- Developer Testing – A lot of companies put way to much emphasis on developer testing. If the developer had thought of the error or missed requirements already they would have put in code to handle it. Developer testing is a good way to make sure the code does what the developer intended it to do in the cases they thought through. Unless some unexpected input is received the developer is only going to find and fix the most obvious bugs and then send it on. Even if you have a policy that the developer tests everything extremely thoroughly before it’s checked in they still won’t catch most of the bugs and it certainly won’t be the most cost effective way to get rid of defects in your program. Don’t get me wrong, developers should still test all of their code before checking it in but you shouldn’t expect them to find a very large percentage of the bugs that have survived until this point.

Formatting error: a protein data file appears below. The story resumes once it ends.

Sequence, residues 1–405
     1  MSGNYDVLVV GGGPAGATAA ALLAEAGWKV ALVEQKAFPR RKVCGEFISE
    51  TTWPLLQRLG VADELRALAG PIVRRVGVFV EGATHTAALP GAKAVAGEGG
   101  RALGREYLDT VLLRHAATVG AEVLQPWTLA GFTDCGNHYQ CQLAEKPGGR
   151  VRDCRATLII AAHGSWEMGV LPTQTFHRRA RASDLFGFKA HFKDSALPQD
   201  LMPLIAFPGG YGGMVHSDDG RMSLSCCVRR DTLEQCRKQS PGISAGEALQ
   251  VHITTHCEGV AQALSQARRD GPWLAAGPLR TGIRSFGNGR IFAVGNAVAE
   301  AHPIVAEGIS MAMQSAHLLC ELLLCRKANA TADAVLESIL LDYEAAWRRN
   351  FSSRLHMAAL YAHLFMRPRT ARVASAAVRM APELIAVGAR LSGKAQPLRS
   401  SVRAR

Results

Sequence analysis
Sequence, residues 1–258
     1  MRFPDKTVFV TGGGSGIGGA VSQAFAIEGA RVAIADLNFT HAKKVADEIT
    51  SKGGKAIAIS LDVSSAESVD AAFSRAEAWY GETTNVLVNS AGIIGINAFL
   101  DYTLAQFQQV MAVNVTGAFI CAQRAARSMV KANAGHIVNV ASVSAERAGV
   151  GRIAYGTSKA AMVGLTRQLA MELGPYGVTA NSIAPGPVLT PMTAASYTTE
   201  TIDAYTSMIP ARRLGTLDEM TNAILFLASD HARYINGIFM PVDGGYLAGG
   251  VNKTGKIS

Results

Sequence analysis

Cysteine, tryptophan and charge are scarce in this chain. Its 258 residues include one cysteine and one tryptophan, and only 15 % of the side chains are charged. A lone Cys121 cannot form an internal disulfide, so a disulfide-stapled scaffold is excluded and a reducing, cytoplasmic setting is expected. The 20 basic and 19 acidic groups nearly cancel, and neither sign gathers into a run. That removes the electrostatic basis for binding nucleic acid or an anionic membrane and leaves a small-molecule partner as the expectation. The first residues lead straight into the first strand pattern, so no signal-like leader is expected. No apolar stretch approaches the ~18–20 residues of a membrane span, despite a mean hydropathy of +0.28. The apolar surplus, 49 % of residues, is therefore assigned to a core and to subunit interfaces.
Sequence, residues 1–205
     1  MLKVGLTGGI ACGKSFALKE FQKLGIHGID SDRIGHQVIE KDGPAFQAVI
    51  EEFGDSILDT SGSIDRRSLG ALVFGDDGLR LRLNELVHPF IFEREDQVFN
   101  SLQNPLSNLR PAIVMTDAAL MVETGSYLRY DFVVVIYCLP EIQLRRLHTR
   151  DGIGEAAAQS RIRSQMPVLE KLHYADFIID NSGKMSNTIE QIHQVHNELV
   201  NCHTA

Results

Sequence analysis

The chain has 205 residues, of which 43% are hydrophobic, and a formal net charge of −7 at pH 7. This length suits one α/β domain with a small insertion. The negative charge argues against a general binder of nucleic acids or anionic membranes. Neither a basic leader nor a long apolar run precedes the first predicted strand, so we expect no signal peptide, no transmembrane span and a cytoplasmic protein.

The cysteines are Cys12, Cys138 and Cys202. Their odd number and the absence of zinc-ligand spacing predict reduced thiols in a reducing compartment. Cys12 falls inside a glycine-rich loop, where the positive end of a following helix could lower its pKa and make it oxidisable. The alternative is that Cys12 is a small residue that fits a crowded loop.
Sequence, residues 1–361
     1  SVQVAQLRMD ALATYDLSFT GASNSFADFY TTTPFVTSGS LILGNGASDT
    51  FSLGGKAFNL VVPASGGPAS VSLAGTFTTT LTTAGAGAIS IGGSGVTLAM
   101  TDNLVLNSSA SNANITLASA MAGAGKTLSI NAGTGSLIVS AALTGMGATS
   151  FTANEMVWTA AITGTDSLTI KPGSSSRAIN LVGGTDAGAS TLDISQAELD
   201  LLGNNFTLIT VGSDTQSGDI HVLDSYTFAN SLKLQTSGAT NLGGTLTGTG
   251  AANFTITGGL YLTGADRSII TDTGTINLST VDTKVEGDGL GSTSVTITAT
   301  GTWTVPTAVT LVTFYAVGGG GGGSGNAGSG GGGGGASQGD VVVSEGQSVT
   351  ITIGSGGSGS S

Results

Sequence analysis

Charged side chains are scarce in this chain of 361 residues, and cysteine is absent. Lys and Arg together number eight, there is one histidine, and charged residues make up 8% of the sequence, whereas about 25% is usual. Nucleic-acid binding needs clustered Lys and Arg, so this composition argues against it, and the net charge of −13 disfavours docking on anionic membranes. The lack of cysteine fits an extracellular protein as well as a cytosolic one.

- Unit/Regression Testing – Unit testing and Test Driven Development (TDD) are all the rage nowadays, and for good reason. Unit tests exercise the code with a large range of inputs that you aren’t likely to encounter in standard testing and regression tests make sure you don’t repeat bugs you’ve had before. There’s a lot of literature out therestating the case for unit testing much better than I ever could, take a look. Reading about unit testing might make it sound like it is the be-all and end-all of software quality and bug fixing. It isn’t, it is merely one more piece of a much larger puzzle. It’s also worth the time to check out Pex. It hasn’t yet reached its full potential but it’s developing quickly and will be incredibly powerful when combined with normally written unit tests.